Get paid to recycle with RecycleBank

When I was young, the only way to get paid for recycling was to collect enough aluminum cans to fill up my dad's truck; and even then I was lucky to get $25. Now, 15 years later, as we celebrate the 40th anniversary of Earth Day, it is easier than ever to get paid to recycle.

Municipal recycling is nothing new, but most curbside programs aren't as exciting as the RecycleBank -- a recycling company which tracks how much you recycle and rewards users who recycle with coupons and discounts at over 1,500 national and local retailers, including CVS, Rite Aid, Whole Foods, Cold Stone Creamery and many others. Users can earn close to $400 worth of points and savings a year with the program.

The program works by measuring how much your household recycles. RecycleBank users place their plastic, paper, metal and glass in a single container that is weighed by a specially-outfitted collection truck. After pickup RecycleBank credits your account with points to be used toward the local rewards, like $5 off a $50 purchase at a local supermarket, or coupons good toward specific products. Because you get to choose your rewards, you don't end up with generic discounts that don't help, and the system encourages users to pay more attention to recycling.

This short video explains more about the RecycleBank program and shows it in action.


"Absolutely!" said Dustin Piccolo of Philadelphia in a phone interview with WalletPop when asked if his recycling habits have changed in the four months he has used RecycleBank. "Since I did join RecycleBank, my garbage has been going down and down and it's kind of been like a challenge for me to try and put as little as possible in my garbage and as much as I can in the recycling."

Piccolo isn't alone in his increased recycling awareness. When the RecycleBank program started in Montgomery, Ohio, the community saw a 39% increase in the amount of recycled material. It's an upward trend that has been reported in many communities after adopting the rewards-based recycling program.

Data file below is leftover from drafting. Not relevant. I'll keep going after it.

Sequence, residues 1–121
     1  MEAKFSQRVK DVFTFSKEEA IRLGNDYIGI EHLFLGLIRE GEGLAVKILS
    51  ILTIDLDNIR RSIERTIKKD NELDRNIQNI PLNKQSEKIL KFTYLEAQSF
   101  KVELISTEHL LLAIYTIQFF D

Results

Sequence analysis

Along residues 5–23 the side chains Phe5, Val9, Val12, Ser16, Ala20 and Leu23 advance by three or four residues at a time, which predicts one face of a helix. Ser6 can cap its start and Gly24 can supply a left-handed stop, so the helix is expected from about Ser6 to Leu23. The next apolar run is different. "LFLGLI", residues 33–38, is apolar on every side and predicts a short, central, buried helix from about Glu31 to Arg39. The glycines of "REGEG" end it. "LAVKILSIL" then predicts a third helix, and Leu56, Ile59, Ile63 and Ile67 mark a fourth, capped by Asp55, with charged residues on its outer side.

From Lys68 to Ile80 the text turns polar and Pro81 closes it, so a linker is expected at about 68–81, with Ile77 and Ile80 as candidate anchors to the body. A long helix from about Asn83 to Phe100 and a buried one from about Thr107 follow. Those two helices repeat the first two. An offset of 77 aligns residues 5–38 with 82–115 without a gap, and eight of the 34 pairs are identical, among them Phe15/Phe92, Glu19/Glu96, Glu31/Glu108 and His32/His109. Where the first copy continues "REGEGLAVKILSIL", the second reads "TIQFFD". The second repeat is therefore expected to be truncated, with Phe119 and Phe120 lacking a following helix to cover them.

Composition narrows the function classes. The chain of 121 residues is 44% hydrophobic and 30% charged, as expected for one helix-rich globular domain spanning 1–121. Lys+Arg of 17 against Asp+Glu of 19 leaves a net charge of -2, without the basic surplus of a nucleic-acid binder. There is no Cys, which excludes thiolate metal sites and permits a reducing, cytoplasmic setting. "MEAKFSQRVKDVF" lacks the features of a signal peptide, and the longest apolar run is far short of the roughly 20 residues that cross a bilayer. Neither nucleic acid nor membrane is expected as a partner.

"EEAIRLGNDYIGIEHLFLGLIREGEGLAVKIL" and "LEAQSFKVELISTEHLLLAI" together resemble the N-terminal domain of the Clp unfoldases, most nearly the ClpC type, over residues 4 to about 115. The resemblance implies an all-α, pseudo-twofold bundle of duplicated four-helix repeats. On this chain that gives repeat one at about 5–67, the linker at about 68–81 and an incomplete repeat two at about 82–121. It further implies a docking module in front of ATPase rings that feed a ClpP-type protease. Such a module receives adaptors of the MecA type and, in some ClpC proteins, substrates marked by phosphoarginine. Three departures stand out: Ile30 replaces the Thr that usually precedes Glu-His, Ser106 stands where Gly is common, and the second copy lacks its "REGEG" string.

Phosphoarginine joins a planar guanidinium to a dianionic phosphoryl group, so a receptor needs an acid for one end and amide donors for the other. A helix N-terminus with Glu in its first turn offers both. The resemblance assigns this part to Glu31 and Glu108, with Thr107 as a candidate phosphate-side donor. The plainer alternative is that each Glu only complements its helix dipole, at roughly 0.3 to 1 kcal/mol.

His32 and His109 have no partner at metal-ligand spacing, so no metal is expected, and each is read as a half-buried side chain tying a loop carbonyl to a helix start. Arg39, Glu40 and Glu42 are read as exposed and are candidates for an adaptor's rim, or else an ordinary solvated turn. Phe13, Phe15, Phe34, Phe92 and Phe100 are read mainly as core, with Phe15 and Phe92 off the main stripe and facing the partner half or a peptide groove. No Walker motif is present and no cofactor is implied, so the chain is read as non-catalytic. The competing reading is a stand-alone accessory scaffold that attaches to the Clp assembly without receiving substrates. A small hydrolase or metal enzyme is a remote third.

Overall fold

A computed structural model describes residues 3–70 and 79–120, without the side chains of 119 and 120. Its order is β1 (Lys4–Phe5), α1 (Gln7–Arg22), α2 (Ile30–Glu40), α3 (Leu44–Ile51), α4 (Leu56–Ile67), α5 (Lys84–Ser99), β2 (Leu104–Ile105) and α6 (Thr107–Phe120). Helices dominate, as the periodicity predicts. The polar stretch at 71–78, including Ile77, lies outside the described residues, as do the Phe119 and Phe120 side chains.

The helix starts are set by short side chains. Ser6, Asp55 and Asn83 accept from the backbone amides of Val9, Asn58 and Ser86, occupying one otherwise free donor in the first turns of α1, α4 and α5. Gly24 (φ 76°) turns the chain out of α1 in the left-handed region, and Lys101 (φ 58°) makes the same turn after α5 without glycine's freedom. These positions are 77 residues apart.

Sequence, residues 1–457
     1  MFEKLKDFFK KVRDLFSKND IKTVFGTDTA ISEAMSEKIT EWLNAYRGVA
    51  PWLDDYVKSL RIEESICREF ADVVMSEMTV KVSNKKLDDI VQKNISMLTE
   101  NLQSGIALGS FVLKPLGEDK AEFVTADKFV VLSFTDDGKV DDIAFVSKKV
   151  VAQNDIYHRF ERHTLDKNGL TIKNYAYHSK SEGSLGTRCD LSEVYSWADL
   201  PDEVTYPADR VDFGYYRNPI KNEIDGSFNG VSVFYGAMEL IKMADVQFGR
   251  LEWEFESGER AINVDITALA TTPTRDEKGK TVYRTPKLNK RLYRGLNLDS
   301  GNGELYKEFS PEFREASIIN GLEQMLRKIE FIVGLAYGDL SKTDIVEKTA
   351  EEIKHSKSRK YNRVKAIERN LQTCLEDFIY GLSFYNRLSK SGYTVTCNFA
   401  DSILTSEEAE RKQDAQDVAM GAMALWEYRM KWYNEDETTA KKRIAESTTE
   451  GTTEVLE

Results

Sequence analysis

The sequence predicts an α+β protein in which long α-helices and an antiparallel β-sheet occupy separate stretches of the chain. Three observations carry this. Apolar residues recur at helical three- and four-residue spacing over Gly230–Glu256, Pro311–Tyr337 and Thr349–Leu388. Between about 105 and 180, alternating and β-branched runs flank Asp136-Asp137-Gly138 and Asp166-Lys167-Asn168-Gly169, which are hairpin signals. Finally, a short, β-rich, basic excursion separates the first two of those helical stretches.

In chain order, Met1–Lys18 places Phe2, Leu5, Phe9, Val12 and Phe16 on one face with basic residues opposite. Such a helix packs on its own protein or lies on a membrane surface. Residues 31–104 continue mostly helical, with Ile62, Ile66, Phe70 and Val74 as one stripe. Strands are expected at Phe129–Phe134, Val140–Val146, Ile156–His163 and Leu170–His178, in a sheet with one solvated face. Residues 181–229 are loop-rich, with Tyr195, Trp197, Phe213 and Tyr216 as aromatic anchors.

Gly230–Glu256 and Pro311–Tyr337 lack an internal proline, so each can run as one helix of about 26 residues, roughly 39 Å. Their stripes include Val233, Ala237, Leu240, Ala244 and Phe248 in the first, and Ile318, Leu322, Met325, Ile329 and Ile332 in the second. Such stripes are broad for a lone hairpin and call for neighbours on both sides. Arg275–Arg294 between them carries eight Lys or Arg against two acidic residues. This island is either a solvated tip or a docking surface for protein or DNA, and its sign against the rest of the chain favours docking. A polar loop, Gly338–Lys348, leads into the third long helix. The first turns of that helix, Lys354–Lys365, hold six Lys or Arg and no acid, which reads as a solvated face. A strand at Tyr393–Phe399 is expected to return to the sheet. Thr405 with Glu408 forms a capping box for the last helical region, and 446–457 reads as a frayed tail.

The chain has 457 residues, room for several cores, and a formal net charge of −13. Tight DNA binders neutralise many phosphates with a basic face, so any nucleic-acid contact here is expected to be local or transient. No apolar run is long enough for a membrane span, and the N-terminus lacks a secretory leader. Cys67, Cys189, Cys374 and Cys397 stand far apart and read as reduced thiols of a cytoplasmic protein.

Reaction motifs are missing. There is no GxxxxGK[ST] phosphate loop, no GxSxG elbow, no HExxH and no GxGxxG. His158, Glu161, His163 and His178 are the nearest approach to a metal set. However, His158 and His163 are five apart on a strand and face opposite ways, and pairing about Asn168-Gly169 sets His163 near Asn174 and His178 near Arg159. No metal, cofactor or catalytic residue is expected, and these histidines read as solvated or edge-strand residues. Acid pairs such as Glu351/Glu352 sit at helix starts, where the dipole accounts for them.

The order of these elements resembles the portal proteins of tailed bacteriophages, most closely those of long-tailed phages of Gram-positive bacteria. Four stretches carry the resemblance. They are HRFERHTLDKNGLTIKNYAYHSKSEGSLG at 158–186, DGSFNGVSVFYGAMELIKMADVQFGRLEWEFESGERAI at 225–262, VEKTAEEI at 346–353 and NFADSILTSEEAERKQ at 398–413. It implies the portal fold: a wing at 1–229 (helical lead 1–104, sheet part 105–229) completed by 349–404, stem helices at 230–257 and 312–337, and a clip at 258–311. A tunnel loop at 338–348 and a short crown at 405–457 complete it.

The program extends past just getting rewarded. Part of Piccolo's newfound attentiveness to recycling includes saving the cardboard core of toilet paper for the recycling bin and making smarter shopping decisions such as paying attention to which packaging is recyclable and using paper bags instead of plastic if he forgets his re-usable bags at home.

But he admits he was also excited to get discounts on purchases at Acme, a local grocery store, and for products like Stonyfield yogurt. The best part, he added, was that the rewards aren't just at national retailers, but at local "Mom and Pop" stores too.

The only cost to join RecycleBank is for the recycling container, assuming you don't already have a hard-sided plastic container to attach your RecycleBank radio tag to. The catch is that your city or a local hauler needs to sign up as a RecycleBank recycler before you can start earning rewards.

If you want to start getting paid to recycle you should send your Mayor to the municipalities portion of the RecycleBank website.

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